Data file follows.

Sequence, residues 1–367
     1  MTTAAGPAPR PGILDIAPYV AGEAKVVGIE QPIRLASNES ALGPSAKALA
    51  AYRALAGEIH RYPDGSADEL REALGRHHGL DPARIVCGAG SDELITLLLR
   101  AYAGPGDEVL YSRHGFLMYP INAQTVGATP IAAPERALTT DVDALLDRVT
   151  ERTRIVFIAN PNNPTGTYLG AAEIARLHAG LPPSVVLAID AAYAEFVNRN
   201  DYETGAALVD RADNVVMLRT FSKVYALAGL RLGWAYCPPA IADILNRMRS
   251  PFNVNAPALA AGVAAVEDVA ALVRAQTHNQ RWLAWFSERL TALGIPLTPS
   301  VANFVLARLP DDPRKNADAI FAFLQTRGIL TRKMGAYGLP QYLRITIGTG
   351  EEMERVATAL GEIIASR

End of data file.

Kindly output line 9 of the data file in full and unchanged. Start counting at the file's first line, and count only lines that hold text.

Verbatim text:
   351  EEMERVATAL GEIIASR